Jamie, Walton, 5:15 PM 23/05/2013
 
21
Its worth noting while Moyes didnt win away to those teams his first home victory against United was Everton's first victory over them home or away league or cup for 10 years, so its hardly like we were trouncing those teams before Moyes was in charge.
Bored, Work, 12:55 PM 23/05/2013
 
20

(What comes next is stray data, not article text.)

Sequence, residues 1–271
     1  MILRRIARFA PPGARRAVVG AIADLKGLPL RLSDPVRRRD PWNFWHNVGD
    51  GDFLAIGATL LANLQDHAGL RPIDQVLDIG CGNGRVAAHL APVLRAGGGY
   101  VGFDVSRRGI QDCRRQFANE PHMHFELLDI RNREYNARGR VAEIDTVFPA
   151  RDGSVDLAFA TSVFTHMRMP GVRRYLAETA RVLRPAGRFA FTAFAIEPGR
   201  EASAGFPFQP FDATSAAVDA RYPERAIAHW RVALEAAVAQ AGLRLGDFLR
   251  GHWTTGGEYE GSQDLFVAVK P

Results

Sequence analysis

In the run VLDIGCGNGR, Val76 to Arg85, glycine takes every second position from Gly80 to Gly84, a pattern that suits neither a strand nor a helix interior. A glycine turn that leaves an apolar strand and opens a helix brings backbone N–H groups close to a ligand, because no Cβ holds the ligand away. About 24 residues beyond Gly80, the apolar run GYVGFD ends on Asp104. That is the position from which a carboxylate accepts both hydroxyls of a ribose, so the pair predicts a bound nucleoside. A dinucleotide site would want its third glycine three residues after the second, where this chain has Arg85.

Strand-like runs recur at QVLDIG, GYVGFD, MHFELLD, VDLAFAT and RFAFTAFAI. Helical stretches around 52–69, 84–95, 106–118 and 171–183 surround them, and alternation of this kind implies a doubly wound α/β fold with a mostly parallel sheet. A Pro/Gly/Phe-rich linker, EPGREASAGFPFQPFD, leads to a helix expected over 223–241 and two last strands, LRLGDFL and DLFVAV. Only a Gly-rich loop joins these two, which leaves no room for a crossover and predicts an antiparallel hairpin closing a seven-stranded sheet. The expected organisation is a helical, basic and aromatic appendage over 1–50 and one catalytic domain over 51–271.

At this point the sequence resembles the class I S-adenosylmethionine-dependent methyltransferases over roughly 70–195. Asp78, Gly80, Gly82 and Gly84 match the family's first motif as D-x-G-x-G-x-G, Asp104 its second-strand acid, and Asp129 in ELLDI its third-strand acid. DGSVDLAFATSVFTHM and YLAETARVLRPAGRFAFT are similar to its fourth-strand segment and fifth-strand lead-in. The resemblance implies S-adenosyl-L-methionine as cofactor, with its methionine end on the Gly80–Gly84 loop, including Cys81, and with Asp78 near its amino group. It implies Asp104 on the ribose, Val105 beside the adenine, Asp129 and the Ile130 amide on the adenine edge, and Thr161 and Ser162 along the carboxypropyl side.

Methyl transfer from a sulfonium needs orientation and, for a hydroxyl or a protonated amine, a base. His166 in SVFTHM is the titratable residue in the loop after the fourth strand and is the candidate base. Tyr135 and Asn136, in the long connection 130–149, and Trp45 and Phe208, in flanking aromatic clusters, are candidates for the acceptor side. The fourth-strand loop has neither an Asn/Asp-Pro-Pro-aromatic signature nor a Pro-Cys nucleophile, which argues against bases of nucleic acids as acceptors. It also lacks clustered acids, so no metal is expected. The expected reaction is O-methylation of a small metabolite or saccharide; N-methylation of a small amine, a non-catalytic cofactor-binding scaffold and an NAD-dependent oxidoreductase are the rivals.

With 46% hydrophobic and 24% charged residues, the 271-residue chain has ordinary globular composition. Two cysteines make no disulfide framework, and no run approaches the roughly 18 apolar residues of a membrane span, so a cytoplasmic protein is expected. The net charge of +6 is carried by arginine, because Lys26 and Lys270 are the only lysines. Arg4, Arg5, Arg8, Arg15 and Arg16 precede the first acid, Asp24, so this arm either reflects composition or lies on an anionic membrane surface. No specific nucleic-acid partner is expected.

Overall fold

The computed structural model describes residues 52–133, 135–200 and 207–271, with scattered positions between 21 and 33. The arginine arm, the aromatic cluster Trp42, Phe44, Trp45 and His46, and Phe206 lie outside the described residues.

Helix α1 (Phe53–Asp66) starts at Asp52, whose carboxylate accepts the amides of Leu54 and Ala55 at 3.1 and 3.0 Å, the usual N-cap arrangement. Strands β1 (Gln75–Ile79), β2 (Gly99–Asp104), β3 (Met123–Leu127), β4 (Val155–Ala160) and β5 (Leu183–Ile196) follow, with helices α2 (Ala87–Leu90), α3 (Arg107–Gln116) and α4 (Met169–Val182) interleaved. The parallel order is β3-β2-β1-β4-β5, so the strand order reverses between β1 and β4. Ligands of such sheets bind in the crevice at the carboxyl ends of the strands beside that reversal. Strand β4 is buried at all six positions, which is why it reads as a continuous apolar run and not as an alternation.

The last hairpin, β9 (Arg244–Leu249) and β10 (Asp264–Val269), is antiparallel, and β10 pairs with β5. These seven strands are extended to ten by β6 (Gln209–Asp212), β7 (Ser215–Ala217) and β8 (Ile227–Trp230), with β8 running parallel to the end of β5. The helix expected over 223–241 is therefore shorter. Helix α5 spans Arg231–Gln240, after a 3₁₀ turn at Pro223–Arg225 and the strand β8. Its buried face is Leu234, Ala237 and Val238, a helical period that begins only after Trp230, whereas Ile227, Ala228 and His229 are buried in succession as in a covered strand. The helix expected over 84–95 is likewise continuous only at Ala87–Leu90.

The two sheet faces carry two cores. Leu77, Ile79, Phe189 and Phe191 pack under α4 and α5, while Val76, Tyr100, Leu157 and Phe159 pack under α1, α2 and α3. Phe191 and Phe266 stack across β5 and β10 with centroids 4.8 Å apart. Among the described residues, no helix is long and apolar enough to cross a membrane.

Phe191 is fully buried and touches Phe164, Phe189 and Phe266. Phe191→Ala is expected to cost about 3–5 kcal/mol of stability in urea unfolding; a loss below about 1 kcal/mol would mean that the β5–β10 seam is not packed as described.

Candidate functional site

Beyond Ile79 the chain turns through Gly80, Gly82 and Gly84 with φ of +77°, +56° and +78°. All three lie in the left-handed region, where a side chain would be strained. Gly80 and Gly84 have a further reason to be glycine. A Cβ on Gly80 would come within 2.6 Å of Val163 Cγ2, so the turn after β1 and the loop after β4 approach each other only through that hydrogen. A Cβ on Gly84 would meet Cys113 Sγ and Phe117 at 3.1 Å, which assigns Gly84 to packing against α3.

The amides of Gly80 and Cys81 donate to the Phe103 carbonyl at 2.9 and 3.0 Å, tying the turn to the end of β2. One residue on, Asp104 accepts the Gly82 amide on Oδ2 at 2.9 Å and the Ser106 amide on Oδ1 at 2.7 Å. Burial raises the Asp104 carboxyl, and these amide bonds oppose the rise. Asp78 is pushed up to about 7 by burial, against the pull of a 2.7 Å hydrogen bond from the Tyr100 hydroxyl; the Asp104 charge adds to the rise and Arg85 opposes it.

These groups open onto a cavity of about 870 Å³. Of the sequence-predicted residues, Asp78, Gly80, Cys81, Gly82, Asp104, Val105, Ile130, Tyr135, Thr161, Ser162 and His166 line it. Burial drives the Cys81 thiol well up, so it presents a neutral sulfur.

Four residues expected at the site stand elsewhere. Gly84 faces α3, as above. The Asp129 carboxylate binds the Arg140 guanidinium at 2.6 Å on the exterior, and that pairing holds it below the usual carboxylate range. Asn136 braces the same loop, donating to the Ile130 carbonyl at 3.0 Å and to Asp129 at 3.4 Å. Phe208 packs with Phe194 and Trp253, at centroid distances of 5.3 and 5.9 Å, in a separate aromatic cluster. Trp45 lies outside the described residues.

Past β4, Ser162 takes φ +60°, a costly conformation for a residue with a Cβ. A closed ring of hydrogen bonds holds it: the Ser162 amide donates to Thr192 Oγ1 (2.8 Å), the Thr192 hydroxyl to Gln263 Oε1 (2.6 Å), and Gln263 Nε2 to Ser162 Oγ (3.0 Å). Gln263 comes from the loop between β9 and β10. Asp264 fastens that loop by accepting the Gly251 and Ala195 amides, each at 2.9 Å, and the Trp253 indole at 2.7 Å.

Some responders to this article seem to bandy the phrase "Moyes haters" around far too easily. Most of the negatives I have ever heard about Moyes do not border on hatred, more frustration at his negativity. I share this view. Many commentators, myself included, have given credit to Moyes for the job he's done. He has transformed the club from the sorry mess he inherited to one on the verge of the elite once again. He's reinvigorated the club, given us a new lease of life, provided a better structure, a new platform from which to launch, but that doesn't necessarily mean he's the man to finish the job. Why not you may ask? Well, despite all the positives, there are negatives that some of us believe have hindered his ability to be more successful. His negative tactics, his curse of sticking to tried and tested favourites who are under-performing whilst youth patiently waits in the wings (untested), and an inability to take a calculated gamble to win a game. This latter point seems to draw the conclusions that by doing so we'd be in a relegation scrap. Please! What total bollocks. Most of us are talking about games where we've surrendered 2 or even 3 points because of an inability to take such a gamble, so if we're squandering points from such games, I'm not sure your arguments concerning a relegation stack have much credence! You can't lose more than 3 points in any one game. As for all the shit that we can't be expected to win at the top clubs with the finances that we've had. Again, what a load of shit! Moyes has built a good squad, albeit one lacking depth. So, it's the belief and tactics that have prevented successes at these grounds. I've been to many of these games and we don't play with the same desire, tempo and belief as we do in home games or against other sides away from home. This can only come from the manager and the coaches. Lesser sides have been to Arsenal, United, Liverpool, Chelsea in the last 11 years and won. So, I don't accept this easy excuse that it's down to investment. Time will tell as to whether we were too harsh on Moyes but I believe he took us to a platform that allows the next guy - if he's good enough - to take us on again. Moyes was good, but he's not great. Lowered expectations are a dangerous thing